Governor suggests bills to work on during budget talks

  • By Becky Bohrer
  • Wednesday, April 22, 2015 10:16pm
  • News

JUNEAU — Gov. Bill Walker is suggesting that legislators, many of whom are in a holding pattern while budget talks are underway, take up a handful of bills while in extended session.

In a letter to legislative leaders Wednesday, Walker said that while the Legislature is still in session, it has an excellent opportunity to address Medicaid expansion and reform. Bills aimed at addressing Interior energy needs, child support and school programs on sexual assault awareness and prevention — all in the Senate’s possession and of “critical importance to Alaska’s children and families” — could be addressed quickly, he wrote.

The focus since lawmakers went into overtime Monday has been on trying to reach a budget agreement. Closed-door talks toward that end continued Wednesday.

Walker has indicated he would call a special session on Medicaid if lawmakers don’t address that issue before adjourning. House Speaker Mike Chenault, R-Nikiski, said he did not see it as being part of the package of legislation to be passed before adjournment.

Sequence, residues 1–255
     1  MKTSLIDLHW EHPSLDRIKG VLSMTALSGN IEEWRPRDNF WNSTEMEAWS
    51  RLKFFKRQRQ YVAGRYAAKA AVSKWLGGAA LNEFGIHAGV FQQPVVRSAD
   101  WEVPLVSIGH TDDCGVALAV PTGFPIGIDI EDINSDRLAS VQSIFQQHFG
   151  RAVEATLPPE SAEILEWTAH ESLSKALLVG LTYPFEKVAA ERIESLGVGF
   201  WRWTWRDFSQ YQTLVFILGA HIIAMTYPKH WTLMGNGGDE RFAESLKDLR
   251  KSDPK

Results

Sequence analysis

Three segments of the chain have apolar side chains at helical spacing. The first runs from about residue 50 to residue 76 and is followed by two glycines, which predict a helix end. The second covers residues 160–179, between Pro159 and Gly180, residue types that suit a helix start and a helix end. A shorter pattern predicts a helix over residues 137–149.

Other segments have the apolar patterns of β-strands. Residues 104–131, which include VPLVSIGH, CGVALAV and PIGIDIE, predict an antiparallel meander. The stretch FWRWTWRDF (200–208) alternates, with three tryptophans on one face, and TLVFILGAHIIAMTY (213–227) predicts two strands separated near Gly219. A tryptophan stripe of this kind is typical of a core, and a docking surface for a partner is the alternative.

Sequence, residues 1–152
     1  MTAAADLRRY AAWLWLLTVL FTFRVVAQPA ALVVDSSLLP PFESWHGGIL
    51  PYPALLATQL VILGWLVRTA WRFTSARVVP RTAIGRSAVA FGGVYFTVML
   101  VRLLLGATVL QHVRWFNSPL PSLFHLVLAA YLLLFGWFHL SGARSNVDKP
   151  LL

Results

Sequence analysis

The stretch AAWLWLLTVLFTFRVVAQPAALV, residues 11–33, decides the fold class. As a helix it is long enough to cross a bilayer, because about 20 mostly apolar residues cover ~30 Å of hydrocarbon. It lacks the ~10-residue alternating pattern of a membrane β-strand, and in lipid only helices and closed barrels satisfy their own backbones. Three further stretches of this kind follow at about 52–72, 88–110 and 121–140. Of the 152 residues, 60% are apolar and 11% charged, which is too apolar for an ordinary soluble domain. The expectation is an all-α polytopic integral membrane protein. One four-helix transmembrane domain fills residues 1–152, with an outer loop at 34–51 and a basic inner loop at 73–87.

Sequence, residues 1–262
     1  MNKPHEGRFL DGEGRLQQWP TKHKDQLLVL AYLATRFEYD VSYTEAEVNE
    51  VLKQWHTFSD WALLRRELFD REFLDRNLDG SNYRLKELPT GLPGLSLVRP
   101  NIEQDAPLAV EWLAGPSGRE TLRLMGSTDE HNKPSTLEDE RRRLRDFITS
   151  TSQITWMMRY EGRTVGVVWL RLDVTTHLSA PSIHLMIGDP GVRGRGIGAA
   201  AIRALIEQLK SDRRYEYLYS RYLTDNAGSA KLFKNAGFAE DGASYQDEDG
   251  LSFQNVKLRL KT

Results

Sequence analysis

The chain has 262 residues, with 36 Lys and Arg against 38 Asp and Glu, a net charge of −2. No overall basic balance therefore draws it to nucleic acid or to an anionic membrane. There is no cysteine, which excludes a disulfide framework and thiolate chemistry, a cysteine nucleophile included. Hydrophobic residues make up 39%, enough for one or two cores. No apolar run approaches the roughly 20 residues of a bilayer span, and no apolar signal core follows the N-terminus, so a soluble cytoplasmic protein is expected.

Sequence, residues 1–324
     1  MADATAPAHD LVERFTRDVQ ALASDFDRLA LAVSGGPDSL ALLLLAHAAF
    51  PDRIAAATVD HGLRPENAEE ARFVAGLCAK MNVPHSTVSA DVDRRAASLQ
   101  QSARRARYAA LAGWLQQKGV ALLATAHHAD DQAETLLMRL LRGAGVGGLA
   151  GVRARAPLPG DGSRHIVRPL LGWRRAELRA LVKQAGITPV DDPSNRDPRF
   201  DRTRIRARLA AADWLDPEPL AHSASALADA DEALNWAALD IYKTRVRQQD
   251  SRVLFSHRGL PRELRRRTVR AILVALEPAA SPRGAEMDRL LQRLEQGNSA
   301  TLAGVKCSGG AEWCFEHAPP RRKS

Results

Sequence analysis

Senate Majority Leader John Coghill, R-North Pole, said he doesn’t think the Interior energy bill, which Walker has called a must-have, is in any danger of not passing. The bill has been on the Senate calendar for days and is one of the last big pieces of legislation in play. Coghill suggested that the Senate holding onto it was more strategic than anything while waiting for the House to finalize the capital projects budget, another major piece of legislation.

The Walker administration has said Alaska faces losing about $19 million in federal child support funding and $45 million in Temporary Assistance for Needy Families funds if it doesn’t bring its child support law into line with an international treaty under which the United States and other nations enforce child support orders for one another. All states are being asked to do this.